On Nov. 30, more than 140 world leaders, including President Obama, will meet in Paris for the beginning of a historic two-week conference on climate change. There’s already been a flurry of voluntary national pledges, increasing confidence that the meeting will likely result in the first global agreement on emissions reductions. What they won’t be discussing, however (due to diplomatic quirks), is the effect of climate change on the world’s largest and most important ecosystem: the oceans.
That’s a shame. As I wrote this summer in Rolling Stone, there’s increasing evidence that the world’s oceans are nearing the point of no return. They’re getting hit with a double whammy—rising temperatures and acidification—that together are forcing fundamental changes to the basis of the planet’s food chain.
So far, the oceans have absorbed about 93 percent of all the additional heat energy trapped by rising greenhouse gas concentrations. That’s already prompted the loss of about 40 percent of the world’s coral reefs, accelerated by a series of worldwide bleaching events in which exceptionally warm water temperatures prompt normally symbiotic algae to become toxic—the most recent of which was just this year. Since coral reefs—the “rainforests of the sea”—support a quarter of all marine life on just 0.1 percent of the ocean area, a mass extinction may already be underway. If we lose the oceans, we lose everything.
Water temperatures this year in the North Pacific have surged to record highs far beyond any previous measurements. That means krill and anchovies have been forced into a narrow corridor of relatively cooler water close to the shore, and predators like whales are feasting on the dregs of an ecosystem. Along the coast of California, there’ve been sightings of rarely present species such as white pelicans, flying fish, Mexican red crabs, and nearly extinct basking sharks. Last year, a subtropical Humboldt squid was caught in southern Alaska—along with a thresher shark that was also far from its natural range. After a startling number of starving baby California sea lions began washing up on shore a couple of years ago, a colony has taken up residence in the Columbia River in Oregon. Marine life is moving north, adapting in real-time to the warming ocean. But for how much longer?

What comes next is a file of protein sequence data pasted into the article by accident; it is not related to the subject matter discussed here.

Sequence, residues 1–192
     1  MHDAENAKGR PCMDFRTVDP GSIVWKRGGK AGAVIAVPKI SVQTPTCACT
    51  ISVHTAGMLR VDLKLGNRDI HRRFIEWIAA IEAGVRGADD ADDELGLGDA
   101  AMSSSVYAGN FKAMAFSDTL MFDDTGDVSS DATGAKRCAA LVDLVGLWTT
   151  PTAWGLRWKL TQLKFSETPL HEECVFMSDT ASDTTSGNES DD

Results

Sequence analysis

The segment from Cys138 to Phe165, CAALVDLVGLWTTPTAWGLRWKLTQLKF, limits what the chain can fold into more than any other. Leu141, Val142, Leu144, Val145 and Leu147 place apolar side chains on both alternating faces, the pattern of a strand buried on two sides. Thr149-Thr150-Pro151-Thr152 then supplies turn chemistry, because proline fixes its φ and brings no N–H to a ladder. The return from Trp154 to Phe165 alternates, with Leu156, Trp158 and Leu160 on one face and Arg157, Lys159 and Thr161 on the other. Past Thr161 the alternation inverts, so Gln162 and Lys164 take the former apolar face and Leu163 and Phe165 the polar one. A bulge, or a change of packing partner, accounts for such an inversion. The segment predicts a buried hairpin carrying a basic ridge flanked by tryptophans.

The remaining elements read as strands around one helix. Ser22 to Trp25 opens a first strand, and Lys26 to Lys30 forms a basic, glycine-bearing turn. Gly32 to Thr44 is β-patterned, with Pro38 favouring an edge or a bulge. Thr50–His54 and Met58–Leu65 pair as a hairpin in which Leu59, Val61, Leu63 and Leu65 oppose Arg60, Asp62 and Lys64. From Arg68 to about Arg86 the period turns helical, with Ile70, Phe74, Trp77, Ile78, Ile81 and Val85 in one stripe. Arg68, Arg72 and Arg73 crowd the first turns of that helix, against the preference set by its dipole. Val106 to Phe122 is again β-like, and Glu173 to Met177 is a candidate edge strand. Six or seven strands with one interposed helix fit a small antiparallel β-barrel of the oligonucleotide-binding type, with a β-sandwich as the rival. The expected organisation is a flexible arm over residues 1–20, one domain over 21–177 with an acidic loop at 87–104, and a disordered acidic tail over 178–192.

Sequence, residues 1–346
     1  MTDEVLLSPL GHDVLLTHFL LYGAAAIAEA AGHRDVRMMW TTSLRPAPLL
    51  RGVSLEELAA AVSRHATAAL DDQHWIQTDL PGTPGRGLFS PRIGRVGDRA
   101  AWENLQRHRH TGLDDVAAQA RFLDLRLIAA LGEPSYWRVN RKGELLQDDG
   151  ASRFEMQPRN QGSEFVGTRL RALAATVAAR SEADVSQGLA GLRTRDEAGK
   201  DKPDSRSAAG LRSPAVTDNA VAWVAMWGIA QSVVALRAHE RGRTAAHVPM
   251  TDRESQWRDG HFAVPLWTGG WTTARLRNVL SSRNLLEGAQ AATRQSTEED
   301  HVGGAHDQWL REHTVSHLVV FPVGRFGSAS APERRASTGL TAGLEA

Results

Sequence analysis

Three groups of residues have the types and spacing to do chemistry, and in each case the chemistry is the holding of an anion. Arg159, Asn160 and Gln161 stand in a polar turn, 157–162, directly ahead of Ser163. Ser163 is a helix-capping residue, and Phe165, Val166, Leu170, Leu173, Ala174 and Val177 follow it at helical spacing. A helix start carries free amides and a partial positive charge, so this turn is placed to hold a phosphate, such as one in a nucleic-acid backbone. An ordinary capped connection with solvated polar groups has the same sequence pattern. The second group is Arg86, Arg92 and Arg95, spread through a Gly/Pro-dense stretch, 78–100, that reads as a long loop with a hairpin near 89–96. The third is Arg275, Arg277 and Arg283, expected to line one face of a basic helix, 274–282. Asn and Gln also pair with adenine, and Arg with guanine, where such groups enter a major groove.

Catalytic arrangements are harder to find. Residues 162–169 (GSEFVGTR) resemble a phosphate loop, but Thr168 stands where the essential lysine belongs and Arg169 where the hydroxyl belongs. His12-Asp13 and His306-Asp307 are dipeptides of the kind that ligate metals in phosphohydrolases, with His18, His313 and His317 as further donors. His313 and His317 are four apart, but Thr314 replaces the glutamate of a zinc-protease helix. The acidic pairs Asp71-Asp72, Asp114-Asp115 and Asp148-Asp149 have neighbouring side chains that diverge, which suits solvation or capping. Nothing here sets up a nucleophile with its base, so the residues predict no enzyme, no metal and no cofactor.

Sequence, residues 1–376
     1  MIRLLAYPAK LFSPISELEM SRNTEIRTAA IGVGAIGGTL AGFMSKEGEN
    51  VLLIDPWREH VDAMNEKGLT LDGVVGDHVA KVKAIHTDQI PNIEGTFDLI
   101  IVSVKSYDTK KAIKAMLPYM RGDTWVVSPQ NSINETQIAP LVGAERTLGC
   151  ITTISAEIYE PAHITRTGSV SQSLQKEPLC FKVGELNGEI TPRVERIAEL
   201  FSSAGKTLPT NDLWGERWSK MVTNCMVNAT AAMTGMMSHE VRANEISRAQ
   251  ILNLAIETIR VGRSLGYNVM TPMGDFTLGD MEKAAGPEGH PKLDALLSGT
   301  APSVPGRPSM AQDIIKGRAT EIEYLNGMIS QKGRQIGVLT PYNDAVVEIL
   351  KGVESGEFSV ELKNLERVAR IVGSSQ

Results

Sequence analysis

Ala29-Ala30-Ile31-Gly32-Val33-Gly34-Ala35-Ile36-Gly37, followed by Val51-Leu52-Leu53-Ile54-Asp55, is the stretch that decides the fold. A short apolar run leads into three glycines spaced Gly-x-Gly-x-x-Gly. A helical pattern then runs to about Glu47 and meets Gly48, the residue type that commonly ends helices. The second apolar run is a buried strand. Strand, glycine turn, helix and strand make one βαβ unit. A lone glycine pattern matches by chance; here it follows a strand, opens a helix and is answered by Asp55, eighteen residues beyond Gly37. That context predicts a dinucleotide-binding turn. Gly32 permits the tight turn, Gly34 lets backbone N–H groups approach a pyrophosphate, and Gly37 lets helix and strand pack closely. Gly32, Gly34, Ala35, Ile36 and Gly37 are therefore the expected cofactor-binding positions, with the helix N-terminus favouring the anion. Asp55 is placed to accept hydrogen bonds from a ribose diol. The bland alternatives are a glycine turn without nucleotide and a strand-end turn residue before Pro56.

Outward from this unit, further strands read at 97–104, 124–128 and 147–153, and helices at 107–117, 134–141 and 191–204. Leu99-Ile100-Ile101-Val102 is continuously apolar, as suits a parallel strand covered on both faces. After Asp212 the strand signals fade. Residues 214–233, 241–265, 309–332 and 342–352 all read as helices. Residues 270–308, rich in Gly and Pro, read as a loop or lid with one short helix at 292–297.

This year’s record-setting El Niño is fast-forwarding the effects of climate change, and it’s hitting the oceans hardest. As the ocean warms, coral reefs are already faltering. Sharks, which have been around for 450 million years—about 100 times longer than our hominid family—are vitally dependent on coral reefs. If all the other stresses they face don’t do it, the loss of the world’s reefs might do them in.
An even worse problem than rising ocean temperatures is acidification. As the oceans absorb carbon dioxide from the atmosphere, it’s converted into carbonic acid—and the pH of seawater declines. This is like being trapped in an acid bath for marine animals with hard shells. A striking study last year showed that tiny snails are already having their shells dissolved. Another study this July said that a continuation of business as usual would force an “effectively irreversible” change on ocean ecosystems this century.
It gets worse. If we can’t count on the ocean’s productivity, what else may begin to unravel? Plankton produce half of the world’s atmospheric oxygen, and oxygen levels are already declining. There’s no serious threat—yet—to those of us who breathe air, but with the Earth going through geological-scale changes in the span of a single human lifetime, it may not always be that way.
This is what is meant by the phrase: tipping point. To use an obvious pun, our planet is in hot water.